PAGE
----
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What Does RESPA Have to do with Consumer Bankruptcy Cases?

posted by O. Max Gardner III

I have trained over 350 attorneys at my Bankruptcy Boot Camps and to my surprise less than 10 percent know what I mean when I refer to a "QWR." This is shocking in that a reasonable QWR can provide the attorney for the Chapter 13 debtor with some of the very best discovery outside of a contested case or Adversary Proceeding. The QWR can be used to find out how the servicer for the securitized trust is applying the debtor's money and the disbursements on the arrearage claim from the Chapter 13 Trustee. It can also be used to identify all of the "ancillary fees" and "collateral charges" that mortgage servicers are so fond of unilaterally adding to the debtor’s mortgage account, without any notice or the right to a hearing.

The provisions of RESPA which deal with mortgage servicing are generally found in either 12 U.S.C. § 2605 or § 2609. Section 2605, known as the "Servicer Act," requires servicers to respond to borrower requests for information and correction of account errors. The "Servicer Act" provisions are where you find the authority for a Qualified Written Request. The Servicer Act provisions in § 2605 are significant because borrowers are given the right to sue for violations based on the express private right of action found in § 2605(f).

But what is a QWR? As noted, the statute provides that it can be used to secure information about the note or to assert a dispute about the status of the of the acceptance and application of mortgage payments on the note or any alleged default under the note. Whenever I speak at a seminar involving attorneys who represent mortgage servicers, the largest number of complaints I receive involve the "excessive" and in some cases "outrageous" uses of the QWR. I have seen QWRs that will ask a servicer more than 150 questions about a debtor’s loan. This number is beyond the intended scope of the statute and quite frankly is beyond the scope of most of the discovery rules of the Federal Rules of Bankruptcy Procedure and the local rules of the bankruptcy courts.

But, what are legitimate subjects for a QWR where there is a dispute about the receipt of and/or the application of payments? In my bankruptcy practice, I have only 10 questions in my standard QWR. In my standard QWR, I am requesting the servicers (in a letter mailed to the designated QWR address by the servicer) to produce the following:

  1. A complete life of loan transactional history;
  2. The Transaction Codes for the software platform of the Servicer;
  3. The Code definitions in plain English;
  4. The Key Loan Transaction history, bankruptcy work sheet, or any summary of all of the accounts in an XL spreadsheet format;
  5. The MERS Milestone Reports and the Edgar website address for the Pooling and Servicing Agreement, Prospectus and Prospectus Supplement;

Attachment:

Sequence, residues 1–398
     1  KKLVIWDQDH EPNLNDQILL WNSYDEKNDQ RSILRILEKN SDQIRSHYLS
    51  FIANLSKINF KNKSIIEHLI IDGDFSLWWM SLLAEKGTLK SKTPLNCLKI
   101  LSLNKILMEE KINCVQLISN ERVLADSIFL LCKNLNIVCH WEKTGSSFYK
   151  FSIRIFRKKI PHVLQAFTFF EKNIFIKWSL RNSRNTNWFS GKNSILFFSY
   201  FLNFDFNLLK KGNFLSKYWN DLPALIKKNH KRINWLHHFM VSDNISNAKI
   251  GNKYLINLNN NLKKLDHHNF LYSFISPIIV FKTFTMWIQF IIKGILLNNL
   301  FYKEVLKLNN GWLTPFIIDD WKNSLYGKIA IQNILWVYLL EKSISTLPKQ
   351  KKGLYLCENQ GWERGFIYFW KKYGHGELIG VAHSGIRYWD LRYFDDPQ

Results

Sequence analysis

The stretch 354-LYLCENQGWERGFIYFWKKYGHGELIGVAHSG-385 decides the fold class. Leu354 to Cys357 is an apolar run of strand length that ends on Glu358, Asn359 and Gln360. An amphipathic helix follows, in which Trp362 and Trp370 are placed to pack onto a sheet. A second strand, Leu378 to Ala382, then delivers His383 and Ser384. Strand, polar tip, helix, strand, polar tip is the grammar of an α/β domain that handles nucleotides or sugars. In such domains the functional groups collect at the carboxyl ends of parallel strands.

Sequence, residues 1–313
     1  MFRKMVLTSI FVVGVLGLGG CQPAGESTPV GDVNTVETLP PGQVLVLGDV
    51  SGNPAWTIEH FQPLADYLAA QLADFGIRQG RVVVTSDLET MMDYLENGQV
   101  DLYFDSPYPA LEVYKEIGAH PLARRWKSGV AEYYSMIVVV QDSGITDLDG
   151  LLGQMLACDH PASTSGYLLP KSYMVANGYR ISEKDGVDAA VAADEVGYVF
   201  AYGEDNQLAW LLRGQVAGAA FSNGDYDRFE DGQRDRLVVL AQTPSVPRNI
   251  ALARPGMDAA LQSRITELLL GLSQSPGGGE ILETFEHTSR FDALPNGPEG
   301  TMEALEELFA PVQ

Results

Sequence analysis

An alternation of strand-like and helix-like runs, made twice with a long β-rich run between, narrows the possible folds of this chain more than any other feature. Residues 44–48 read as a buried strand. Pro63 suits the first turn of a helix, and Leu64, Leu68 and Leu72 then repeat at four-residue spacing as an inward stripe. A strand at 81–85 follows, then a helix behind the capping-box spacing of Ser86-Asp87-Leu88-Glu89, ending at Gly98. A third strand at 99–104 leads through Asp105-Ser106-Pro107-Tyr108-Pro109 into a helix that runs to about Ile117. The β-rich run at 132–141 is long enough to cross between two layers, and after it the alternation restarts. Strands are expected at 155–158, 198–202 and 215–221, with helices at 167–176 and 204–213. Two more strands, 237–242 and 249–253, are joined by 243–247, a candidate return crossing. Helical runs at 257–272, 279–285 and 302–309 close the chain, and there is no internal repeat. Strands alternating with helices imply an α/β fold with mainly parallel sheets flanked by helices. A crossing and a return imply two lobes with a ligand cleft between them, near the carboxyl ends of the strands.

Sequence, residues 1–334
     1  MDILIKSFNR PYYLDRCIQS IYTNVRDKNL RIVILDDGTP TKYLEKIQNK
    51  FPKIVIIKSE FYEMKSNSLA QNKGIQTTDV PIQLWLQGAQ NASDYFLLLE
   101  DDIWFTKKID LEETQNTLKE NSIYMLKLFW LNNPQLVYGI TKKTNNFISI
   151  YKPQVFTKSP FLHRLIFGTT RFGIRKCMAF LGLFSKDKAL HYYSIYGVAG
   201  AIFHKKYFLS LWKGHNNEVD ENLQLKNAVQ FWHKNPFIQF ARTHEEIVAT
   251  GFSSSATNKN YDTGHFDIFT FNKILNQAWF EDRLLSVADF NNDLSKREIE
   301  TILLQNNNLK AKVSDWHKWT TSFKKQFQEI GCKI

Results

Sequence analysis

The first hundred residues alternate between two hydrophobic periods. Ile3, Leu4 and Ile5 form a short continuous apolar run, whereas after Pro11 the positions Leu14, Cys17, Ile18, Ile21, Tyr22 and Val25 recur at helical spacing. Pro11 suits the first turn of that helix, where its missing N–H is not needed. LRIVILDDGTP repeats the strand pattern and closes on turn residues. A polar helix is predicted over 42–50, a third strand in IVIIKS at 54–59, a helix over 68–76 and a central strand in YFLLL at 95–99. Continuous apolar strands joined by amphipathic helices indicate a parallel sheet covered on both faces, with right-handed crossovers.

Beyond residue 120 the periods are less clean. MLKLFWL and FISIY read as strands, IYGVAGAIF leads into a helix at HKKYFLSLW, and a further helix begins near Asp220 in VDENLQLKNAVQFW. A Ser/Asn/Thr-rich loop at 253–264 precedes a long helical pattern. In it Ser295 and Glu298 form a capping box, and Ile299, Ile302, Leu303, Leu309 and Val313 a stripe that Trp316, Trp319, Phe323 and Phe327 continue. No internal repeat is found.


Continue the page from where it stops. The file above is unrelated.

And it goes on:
6. The name, address, name of a contact person and telephone number of the current holder and owner of the mortgage note;
  7. Copies of all collection notes and communications files;
  8. An itemized statement of the amount needed to fully reinstate the loan;
  9. All communications with any non-lawyer third-party providers; and
  10. All Form P-309 screen shots of all system accounts.

Very few servicers still try to make the argument that RESPA is preempted by the Bankruptcy Code. Without going into all of the cases, the simple answer to this argument can be found in Section 1322(e) of the Bankruptcy Code. This Section states that that the amount necessary to cure a default shall be determined in accordance with the "underlying agreement and applicable nonbankruptcy law." Since non-bankruptcy law includes RESPA, it is clear that RESPA compliance is required for all servicers of loans involved in Chapter 13 cases.

Comments

wow. We have to start that up. Just kind of scared at the volume of info we will get if we do. Awesome post... Great to have you here Max!

Max,
Also take a look at the applicable regulations, 24 CFR Sec. 3500.21(e) and (f). Many QWR's being sold by attorneys and loan modification scammers purport to stop forclosure, which is not the case (see (e)(4)(ii)). You may also want to look at 12 USC 2615.

Please be aware that a QWR under RESPA does not apply to open-ended home equity lines of credit!

Yes, I just heard about this from my brother who is a consumer protection attorney in Michigan. He has been using this tactic . . .very interesting outcomes.

What if the homeowner does not have a QWR and in civil proceeding with Mortgage company who has(can) not provided the note, and the loan has been rescinded. The company did acknowledge the rescission, agrees to it, but never releases the security hold and or pays the interest, and payments and fees back to homeowner. The Mortgage company says they this is due to the lender having not been paid back the balance of the loan. So, a stand off.Can a QWR still be requested once there is a foreclosure filed? The homeowner has a great amount of documents, underwriting and water, etc.
I have heard a lot about Max Gardner, a lot of good

Jennifer, what do you mean by interesting outcomes? Lots of wins, lots of losses, or mixed results? Please, share more info!

-Cindia

Jennifer, if you see this, I have a MSF/loan mod victim in MI looking for counsel.

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